34. 46. <ul><ul><li>Creativity </li></ul></ul><ul><ul><ul><li>The ability to think about something in novel and unusual ways and come up with unique solutions to problems </li></ul></ul></ul><ul><ul><ul><li>Creativity and intelligence are not the same . </li></ul></ul></ul><ul><ul><ul><li>Most creative people are quite intelligent, but the reverse is not necessarily true. </li></ul></ul></ul>
  35. 48. <ul><ul><li>Creativity </li></ul></ul><ul><ul><li>Guiding Childern’s Creativity </li></ul></ul><ul><ul><ul><li>The best strategies to help children become more creative include: </li></ul></ul></ul><ul><ul><ul><ul><li>Encouraging creative thinking on a group and individual basis </li></ul></ul></ul></ul><ul><ul><ul><ul><li>Having children engage in brainstorming </li></ul></ul></ul></ul><ul><ul><ul><ul><ul><li>technique in which children are encouraged to come up with creative ideas in a group, play off each other’s ideas, say practically whatever comes to mind, and come up with as many ideas as possible </li></ul></ul></ul></ul></ul>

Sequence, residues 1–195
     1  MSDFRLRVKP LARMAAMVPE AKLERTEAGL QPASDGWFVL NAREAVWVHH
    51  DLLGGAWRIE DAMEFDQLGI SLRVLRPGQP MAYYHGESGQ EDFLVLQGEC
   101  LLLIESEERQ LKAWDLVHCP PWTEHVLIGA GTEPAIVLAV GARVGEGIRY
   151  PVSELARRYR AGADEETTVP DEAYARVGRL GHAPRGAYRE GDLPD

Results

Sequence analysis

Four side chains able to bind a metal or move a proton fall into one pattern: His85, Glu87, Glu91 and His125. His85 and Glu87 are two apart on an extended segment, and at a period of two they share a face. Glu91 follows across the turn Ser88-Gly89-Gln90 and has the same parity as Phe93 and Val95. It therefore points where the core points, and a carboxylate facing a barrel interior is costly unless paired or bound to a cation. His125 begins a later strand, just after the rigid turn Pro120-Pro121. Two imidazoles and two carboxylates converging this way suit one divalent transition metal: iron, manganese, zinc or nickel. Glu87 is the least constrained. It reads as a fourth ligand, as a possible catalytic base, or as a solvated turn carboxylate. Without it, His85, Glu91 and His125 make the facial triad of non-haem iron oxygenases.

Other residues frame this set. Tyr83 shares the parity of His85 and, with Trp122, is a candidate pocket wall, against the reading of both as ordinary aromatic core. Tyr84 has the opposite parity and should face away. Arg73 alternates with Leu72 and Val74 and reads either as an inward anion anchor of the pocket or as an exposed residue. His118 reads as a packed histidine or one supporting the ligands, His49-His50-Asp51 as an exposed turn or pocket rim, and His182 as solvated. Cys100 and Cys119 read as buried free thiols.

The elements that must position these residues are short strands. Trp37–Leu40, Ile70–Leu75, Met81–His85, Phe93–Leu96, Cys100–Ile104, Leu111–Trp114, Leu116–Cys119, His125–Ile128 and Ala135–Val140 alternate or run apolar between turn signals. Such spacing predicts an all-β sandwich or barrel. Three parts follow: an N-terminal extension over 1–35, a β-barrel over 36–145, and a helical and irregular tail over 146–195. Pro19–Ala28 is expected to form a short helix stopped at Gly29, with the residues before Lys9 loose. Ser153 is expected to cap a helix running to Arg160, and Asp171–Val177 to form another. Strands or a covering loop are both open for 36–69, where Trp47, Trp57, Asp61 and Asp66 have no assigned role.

36. 49. <ul><ul><li>Creativity </li></ul></ul><ul><ul><li>Guiding Childern’s Creativity </li></ul></ul><ul><ul><ul><ul><li>Provide children with environments that stimulate creativity. </li></ul></ul></ul></ul><ul><ul><ul><ul><li>Don’t over-control students. </li></ul></ul></ul></ul><ul><ul><ul><ul><li>Encourage internal motivation. </li></ul></ul></ul></ul><ul><ul><ul><ul><li>Guide children to help them think in flexible ways. </li></ul></ul></ul></ul><ul><ul><ul><ul><li>Build children’s confidence. </li></ul></ul></ul></ul><ul><ul><ul><ul><li>Guide children to be persistent and delay gratification. </li></ul></ul></ul></ul><ul><ul><ul><ul><li>Encourage children to take intellectual risks. </li></ul></ul></ul></ul>